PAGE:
Large parts of the South Island have officially been declared in drought.
The drought declaration was made by the Primary Industries Minister Nathan Guy this morning as he visited farmers in South Canterbury.
The declaration covers parts of Otago, Canterbury and Marlborough which have experienced record dry conditions for most of the summer.
Dairy farmers, already struggling with a record low milk price, have been particularly hard hit.
The drought is being described as a medium-sized adverse event.
Mr Guy said the South Island has had its driest January in 43 years.
He said the announcement comes with an extra $200,000 for rural support trusts to provide grants to farmers and tax breaks for those who need them.
"If you look at what's happening with rural fires, they're just popping up all over the place at the moment, it's a real concern. We've taken into account all the economic and social factors, and feed availability."
Nathan Guy said farmers will also be eligible for Work and Income benefits, although he doubts many will need that sort of help.
The declaration means the Government will provide extra funding to rural support trusts who could in turn help farmers in need.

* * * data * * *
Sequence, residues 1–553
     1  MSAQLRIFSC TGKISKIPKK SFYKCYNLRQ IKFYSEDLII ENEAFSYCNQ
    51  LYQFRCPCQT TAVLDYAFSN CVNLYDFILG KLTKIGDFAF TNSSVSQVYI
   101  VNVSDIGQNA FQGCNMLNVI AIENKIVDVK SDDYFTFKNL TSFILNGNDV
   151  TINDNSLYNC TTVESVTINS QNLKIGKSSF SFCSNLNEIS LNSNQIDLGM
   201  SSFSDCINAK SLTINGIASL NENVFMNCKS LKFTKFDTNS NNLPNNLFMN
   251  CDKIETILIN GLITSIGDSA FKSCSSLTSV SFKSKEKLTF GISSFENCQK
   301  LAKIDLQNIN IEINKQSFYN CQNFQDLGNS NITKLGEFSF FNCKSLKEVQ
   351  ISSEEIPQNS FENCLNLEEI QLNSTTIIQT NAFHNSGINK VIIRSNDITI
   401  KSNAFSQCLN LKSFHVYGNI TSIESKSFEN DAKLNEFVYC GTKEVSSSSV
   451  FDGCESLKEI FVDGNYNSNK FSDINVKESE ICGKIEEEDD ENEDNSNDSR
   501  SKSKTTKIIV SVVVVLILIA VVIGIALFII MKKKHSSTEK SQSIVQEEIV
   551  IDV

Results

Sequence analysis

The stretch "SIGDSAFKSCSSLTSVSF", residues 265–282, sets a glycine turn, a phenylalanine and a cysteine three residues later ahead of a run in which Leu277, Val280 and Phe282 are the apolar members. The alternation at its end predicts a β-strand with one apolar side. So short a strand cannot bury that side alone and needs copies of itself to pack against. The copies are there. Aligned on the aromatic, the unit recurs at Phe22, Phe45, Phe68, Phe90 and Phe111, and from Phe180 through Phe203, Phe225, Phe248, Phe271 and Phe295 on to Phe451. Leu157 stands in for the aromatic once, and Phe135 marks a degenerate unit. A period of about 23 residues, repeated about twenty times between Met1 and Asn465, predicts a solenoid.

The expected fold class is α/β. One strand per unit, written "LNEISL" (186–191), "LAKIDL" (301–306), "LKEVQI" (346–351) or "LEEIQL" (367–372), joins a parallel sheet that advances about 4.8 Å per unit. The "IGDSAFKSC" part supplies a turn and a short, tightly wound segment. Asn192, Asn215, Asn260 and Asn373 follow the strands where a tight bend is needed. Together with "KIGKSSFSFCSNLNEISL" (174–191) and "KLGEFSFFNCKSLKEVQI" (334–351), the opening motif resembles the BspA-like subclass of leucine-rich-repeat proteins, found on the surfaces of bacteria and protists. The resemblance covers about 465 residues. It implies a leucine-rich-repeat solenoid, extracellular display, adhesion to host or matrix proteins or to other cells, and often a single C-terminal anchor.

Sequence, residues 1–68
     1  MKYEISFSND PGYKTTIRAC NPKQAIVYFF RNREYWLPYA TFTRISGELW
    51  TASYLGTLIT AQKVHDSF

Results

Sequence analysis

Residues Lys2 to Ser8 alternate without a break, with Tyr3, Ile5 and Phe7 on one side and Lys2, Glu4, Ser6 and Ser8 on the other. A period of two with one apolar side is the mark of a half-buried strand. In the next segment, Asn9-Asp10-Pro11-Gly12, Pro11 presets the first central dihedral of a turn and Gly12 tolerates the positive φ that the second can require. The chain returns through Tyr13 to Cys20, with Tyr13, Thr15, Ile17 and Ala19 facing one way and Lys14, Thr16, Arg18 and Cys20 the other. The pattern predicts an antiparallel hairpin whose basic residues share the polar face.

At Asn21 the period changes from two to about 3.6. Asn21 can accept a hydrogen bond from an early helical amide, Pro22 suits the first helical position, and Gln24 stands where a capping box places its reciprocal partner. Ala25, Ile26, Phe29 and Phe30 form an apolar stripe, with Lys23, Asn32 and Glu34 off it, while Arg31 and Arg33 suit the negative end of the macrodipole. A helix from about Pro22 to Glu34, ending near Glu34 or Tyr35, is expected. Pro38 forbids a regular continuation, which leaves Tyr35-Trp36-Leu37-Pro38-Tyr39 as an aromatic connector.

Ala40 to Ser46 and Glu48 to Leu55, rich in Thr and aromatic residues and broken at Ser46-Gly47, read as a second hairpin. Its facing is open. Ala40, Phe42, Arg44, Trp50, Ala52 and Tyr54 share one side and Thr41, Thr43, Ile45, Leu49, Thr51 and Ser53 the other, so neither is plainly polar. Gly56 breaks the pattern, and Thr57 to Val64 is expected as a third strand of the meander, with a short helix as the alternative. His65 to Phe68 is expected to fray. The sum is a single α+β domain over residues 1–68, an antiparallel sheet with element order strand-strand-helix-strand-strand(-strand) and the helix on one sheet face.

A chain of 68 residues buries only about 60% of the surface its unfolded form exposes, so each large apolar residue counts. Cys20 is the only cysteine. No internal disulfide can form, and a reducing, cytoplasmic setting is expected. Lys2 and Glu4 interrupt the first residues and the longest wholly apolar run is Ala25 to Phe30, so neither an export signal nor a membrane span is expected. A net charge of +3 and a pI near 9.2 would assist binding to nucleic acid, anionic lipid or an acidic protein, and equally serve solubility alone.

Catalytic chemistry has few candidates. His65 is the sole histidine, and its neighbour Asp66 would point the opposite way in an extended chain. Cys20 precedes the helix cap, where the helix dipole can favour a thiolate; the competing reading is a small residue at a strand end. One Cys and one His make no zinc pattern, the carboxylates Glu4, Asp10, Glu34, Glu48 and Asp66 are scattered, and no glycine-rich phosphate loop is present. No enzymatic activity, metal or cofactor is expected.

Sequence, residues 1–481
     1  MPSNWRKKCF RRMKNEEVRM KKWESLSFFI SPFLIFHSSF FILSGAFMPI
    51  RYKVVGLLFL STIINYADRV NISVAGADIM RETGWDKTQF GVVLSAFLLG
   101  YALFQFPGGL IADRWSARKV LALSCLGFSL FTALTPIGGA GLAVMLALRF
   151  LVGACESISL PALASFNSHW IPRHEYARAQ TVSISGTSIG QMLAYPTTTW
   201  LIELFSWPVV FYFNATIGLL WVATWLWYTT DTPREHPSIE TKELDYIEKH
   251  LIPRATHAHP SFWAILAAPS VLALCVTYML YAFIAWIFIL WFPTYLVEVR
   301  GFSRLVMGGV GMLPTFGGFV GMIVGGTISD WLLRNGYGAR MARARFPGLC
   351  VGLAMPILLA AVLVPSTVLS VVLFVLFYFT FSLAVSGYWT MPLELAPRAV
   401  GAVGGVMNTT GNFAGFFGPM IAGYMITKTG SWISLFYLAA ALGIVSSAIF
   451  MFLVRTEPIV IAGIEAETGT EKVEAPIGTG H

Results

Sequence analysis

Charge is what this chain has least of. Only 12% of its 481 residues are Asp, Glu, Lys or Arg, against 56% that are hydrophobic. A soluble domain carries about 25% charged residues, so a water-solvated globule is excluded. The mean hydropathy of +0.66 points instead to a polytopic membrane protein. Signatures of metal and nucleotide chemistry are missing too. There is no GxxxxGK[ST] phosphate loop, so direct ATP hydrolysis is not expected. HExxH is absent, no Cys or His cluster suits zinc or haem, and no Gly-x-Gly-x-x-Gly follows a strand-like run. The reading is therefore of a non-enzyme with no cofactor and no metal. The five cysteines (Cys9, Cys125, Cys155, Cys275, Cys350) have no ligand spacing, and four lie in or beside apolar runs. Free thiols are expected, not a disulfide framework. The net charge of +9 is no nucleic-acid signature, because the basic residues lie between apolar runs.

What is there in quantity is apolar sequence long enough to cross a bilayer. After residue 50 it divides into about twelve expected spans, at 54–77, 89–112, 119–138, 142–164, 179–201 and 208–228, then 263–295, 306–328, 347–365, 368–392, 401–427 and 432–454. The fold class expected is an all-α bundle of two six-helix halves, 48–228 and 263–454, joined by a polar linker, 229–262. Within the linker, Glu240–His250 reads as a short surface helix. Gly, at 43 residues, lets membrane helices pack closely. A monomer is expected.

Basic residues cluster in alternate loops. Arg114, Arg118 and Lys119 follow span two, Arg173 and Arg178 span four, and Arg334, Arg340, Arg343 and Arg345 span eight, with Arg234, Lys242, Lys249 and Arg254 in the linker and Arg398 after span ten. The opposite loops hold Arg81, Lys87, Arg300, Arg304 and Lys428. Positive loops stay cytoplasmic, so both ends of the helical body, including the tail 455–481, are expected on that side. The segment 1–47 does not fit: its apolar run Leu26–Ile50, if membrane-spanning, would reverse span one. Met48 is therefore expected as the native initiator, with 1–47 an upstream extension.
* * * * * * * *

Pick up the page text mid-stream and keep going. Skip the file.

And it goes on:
The support will available over the next few months and can be accessed through Work and Income offices.
Mr Guy said the Government was also keeping a very close eye on Wairarapa and southern Hawkes Bay, which are also suffering from very dry conditions.
Federated Farmers South Canterbury president Ivon Hurst said farmers there will welcome the drought declaration.
He said as far as they were concerned the region had been in drought for two months already, but the declaration at least brings official recognition of the conditions.
And he said there were other benefits too:
"Where there might be an advantage, is where farmers are going to bankers with their accountants, to talk about securing winter feed with reduced incomes and having to buy it in, because that's exactly what's going to have to happen, particularly in the dairy industry.
"They won't have to get down on their knees to beg for recognition. They will know that because the Government has recognised the situation that in fact it does exist."
Mr Hurst said rain in South Canterbury in the past week brought some light relief and perked up winter feed crops, but was nowhere near a drought breaker.
Prime Minister John Key said there is no doubt the very dry conditions have been hitting some hard.
But, he said: "On the other side of the coin our farmers are immensely resilient. They've faced these conditions before, they've faced floods before and all sorts of other climatic conditions, so they are very good at hunkering down and they will again but we need to give them the support we can."
There are three levels of 'adverse events' - localised, medium and national. These can cover events like drought, floods, fire, earthquakes and other natural disasters.
The criteria for assessing the scale of an adverse event are:
- Options available for the community to prepare for and recover from the event
- Magnitude of the event (likelihood and scale of physical impact)
- Capacity of the community to cope economically and socially impact.